Welcome to this decision making experiment, part of a project in the Cognitive Science Laboratory at Warwick University. This experiment is about your attitudes towards risks and rewards. We'd like you to make a series of choices between pairs of gambles. Each gamble is quite simple and offers a chance of winning some money. For example, consider the following choice:

The left gamble offers a 20% chance of winning £400. To help you understand this gamble, imagine a bag holding 100 tickets. 20 of the tickets are 'winners' and the remaining 80 tickets are 'losers'. Imagine drawing a ticket from the bag without looking. If you draw one of the 20 'winners' you'll win £400. If you draw one of the 80 'losers' you won't win anything.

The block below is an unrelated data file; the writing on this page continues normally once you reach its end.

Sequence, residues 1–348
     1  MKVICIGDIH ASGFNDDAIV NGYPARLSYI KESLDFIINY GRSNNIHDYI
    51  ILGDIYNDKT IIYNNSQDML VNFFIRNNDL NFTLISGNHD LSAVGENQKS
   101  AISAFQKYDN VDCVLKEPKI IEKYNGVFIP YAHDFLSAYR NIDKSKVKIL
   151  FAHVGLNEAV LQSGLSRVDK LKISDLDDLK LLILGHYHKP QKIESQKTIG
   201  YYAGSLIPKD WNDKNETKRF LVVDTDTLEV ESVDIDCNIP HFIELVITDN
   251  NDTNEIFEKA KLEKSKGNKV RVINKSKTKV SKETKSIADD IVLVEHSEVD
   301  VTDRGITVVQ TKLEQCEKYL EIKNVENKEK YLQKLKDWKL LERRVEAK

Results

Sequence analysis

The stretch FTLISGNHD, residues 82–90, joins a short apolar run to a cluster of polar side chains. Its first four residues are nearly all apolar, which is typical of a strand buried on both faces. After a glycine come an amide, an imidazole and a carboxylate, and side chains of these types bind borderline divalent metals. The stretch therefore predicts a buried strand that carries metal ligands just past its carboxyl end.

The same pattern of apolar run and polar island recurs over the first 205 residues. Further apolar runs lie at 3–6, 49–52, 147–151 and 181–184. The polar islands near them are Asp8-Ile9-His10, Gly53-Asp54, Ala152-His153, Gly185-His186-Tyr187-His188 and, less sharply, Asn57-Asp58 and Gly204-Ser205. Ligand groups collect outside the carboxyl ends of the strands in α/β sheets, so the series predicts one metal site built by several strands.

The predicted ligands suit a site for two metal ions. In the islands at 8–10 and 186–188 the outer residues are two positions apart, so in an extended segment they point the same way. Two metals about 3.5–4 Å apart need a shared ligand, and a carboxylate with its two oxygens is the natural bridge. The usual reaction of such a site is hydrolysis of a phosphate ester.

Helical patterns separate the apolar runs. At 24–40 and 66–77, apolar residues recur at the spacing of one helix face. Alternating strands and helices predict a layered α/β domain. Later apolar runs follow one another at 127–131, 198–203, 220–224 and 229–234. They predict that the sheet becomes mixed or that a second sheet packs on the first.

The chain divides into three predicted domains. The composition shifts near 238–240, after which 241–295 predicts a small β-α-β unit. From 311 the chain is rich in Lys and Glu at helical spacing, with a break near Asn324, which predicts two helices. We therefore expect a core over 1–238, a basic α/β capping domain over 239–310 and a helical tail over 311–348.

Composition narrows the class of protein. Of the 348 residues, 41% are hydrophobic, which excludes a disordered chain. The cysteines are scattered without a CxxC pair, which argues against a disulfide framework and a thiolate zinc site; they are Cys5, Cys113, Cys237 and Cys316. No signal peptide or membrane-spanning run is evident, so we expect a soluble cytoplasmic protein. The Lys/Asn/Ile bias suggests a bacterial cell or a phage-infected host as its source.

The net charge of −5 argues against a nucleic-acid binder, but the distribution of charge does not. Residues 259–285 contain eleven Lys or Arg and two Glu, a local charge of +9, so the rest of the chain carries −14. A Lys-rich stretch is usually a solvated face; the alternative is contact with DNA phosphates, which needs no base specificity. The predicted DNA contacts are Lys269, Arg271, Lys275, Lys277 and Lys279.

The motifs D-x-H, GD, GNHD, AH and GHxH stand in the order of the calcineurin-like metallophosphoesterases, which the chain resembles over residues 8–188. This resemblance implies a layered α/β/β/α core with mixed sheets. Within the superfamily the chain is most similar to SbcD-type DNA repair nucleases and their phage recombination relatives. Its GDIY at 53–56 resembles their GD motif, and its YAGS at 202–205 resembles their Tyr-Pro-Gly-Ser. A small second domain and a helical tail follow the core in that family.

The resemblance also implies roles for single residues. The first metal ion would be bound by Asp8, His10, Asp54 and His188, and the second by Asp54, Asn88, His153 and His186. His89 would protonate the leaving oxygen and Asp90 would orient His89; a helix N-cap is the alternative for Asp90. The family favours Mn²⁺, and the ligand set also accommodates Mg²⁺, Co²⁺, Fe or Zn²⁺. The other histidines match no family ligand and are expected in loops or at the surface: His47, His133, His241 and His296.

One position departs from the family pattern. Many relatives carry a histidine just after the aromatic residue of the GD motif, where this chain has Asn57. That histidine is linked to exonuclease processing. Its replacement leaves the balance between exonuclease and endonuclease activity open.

The right gamble offers a 40% chance of winning £200. Imagine another bag with 40 winning tickets, 60 losing tickets, and a prize of £200. Which gamble would you rather play?

We're going to ask you to make a series of choices. Here is an example screen shot from the experiment.

At the top of the screen you can see the chances and prizes on offer throughout the experiment. These are there to give you an idea of what gambles are available. Each choice will be presented on two buttons in the middle of the screen. Think carefully about the choice and click the button of the gamble that you would prefer to play. The next choice will appear automatically. The progress bar at the bottom of the screen will keep track of how far through the experiment you are.

We will use the choices you make to try to get a better understanding of the psychology of decision making. There are no correct answers and you don't have to do any calculations - we are trying to discover your own gut feelings. We are really interested in each choice you make, so please try carefully to imagine each gamble and make choices as honestly as you can.

If you are happy to take part, please press "Begin" to get going. The experiment will take about 20 minutes to complete. Please feel free to take breaks as and when you need them.